It wasn’t love at first dink, but it was pretty close.
Kristen Mueller of Cherry Hill and Troy Clemmer of Marlton sensed something special from the start. They met at a pickleball outing with friends, before either had mastered the game’s signature skill shot. She noticed his style of play — scrappy, aggressive. Kind of like her own. Quietly, he noticed the same.
A couple weeks later, they ran into each other at a pickleball tournament in North Jersey. In between matches, they talked and soon realized they liked more than just each other’s style of play.
Things took off from there: Kristen and Troy fell in love — with each other and pickleball, a tennis-like game credited with being America’s fastest growing sport. There’s even Major League Pickleball now. Basketball great LeBron James just became its latest big name investor.
Our couple was right with the p-ball wave. By the time they were together three years, they were playing — and winning — professional-level tournaments, often competing as a pair. They formed a business together, Tristen Pickleball, after friends’ nickname for the couple. Kristen shelved her dietician career to become its instructor, and Troy, a software engineer, does the IT.
As partners in love, pickleball, and business, becoming partners for life was the next happy step. And for this couple only one kind of wedding would do:
A pickleball wedding. Actually, make that a pickleball extravaganza.
“When we decided to get married, we thought it would be cool to have a day that was an experience that reflected us as a couple,” said Kristen, 34. “You’d leave after that day and have a better understanding of us as a couple because we were in our element for an entire day, doing what we like.”
Troy, 32, created TristenWedding.com, an interactive website with the rundown of the wedding events, the couple’s love story, information about pickleball, and photos wedding guests with their pickleball skill.
A special pickleball-inspired cake — of course — was created , as well as pickleball centerpieces and pickleball-themed favors. For the cocktail hour and beyond, there would be special drinks dedicated to the bride and groom’s signature best shots. For Kristen, it was the Two-Handed Backhand Counter Attack, a concoction of tequila, mint, and grapefruit. Troy’s drink, the Two-Handed Forehand Attack, was whiskey and lemonade.
For this event with so many — literally — moving parts, the couple called in the professionals. In this case, that was Funky Pickle, a local pickleball event firm that put together tournaments the couple had attended.
Maggie Corrado, one of the founders, said Troy got in touch with them about organizing a pickleball nuptial.
“’We want to have a wedding that is non-traditional,’”Corrado said he told her.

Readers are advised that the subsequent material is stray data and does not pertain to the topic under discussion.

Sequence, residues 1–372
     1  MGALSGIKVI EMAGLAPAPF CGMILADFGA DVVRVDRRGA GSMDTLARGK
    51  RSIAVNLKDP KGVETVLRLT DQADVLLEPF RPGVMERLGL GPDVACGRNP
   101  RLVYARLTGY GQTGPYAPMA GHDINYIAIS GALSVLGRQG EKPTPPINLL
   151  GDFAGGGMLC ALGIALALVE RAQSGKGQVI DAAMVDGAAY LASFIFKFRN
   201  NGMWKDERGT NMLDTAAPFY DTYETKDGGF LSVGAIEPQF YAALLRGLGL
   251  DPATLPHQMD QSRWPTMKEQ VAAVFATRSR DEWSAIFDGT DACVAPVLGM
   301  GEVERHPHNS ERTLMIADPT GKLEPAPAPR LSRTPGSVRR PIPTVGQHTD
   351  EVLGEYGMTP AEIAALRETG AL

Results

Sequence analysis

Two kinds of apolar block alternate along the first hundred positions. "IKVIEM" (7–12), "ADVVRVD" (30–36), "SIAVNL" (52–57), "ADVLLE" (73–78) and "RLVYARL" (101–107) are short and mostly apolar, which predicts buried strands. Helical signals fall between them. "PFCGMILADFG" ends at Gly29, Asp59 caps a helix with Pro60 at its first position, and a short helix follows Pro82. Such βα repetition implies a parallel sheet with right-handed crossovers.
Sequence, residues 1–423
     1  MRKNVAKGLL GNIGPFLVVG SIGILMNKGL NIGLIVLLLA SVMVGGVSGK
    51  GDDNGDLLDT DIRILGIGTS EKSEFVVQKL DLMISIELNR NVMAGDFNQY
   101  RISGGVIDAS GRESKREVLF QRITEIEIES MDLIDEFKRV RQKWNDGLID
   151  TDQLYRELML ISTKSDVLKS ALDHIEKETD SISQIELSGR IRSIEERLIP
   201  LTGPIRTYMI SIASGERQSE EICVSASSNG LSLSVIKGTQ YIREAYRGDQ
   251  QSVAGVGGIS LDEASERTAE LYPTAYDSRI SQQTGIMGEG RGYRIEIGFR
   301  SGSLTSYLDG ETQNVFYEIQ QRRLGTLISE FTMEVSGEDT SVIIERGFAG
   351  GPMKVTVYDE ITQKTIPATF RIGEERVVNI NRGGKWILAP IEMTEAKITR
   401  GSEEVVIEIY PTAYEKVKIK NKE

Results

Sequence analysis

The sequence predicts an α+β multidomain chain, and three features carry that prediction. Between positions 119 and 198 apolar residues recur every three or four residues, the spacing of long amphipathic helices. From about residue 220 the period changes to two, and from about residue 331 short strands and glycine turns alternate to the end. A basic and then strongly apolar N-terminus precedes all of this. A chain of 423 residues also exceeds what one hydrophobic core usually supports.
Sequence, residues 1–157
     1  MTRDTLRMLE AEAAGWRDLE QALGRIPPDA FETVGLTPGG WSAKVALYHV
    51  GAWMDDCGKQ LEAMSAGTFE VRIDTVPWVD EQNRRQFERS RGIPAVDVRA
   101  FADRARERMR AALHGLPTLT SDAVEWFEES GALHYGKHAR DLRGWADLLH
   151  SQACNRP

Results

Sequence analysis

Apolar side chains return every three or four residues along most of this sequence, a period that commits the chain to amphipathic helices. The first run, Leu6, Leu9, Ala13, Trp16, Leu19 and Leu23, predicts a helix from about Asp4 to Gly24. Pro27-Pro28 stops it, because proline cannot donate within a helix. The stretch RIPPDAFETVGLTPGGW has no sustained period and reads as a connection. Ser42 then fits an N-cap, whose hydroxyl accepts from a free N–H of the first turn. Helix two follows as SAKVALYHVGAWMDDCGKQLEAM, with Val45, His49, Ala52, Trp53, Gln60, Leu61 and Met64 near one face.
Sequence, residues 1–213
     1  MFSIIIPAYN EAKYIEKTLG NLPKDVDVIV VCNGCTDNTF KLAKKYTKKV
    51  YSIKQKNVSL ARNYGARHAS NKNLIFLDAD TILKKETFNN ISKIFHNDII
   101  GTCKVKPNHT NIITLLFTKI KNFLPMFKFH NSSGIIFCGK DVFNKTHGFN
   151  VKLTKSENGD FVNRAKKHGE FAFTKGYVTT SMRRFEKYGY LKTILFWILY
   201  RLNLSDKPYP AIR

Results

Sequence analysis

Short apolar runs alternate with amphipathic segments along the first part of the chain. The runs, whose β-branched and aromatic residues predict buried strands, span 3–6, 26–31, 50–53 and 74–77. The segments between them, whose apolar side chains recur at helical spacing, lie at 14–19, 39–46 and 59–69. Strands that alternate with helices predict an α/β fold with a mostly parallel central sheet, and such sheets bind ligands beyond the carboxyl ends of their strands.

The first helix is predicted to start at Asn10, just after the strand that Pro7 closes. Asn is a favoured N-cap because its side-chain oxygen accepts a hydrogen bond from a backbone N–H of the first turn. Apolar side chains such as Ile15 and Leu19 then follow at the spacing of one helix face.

Not that everything had to be pickleball. The couple decided they would say their vows in a brief ceremony October 8 on the Ventnor City beach, with Kristen in a white wedding dress, and Troy and their families in formal attire. Officiating was their friend Stephen Henricks, a minister with Providence Church of West Chester and a serious pickleballer.
But after the I Do’s, it was time to get down to business:
Instead of a first dance, the new couple did a First Dink on Ventnor City’s beachside pickleball court where the all-day reception took place. The band was prepped to play, “Dink with Me Tonight,” a pickleball version of Olly Murs’ “Dance with Me Tonight.” There was also a father-daughter dink for Kristen and her dad, Jeff Mueller, who learned to play after getting a pickleball set one Father’s Day, and a mother-son dance for Troy and his mom Rene Clemmer, an advanced player who got her son into the sport.
The formal wear was long gone. Troy had a tuxedo print tee-shirt, and Kristen changed into a white tennis dress. The wedding guests had been asked to wear casual, pickleball-friendly clothing in blue and purple, the couple’s favorite colors.
For the afternoon, the plan was lots of pickleball play, including a beginner’s clinic for those who hadn’t played before or just wanted a refresher. There was the cutting of the cake and a 30-minute dance party for those so inclined.
And then the piece de resistance: The Family Challenge. Team Mueller vs. Team Clemmer.
Apparently there was some familial consternation about the wisdom of that. But the couple said one of the nice things about pickleball is it’s not hard to pick up the basics quickly.
“I think it’s a way for us to celebrate our competitive side a little bit,” said Troy. “We’re both very competitive people and we’re athletes, so I think our families can handle it.”
In the end, they didn’t have to. The families played two matches, and it ended in a draw. The Clemmers won one, and the Muellers aced the other.
But the wedding was really just about having fun.
“They’ve thought about it in such a cool way that it’s going to be an experience,” said Henricks, 40, the friend who conducted their wedding ceremony.
“The whole wedding is everything they love,” said Meredith Allen, 34, a dietician and one of Kristen’s friends from the University of Delaware. “You can’t help but walk away knowing a bit more about all their favorite things.”
They haven’t planned a honeymoon yet, although Kristen was confident there would be one.
“I’m sure it will be all about doing something active,” she said. “Probably pickleball.”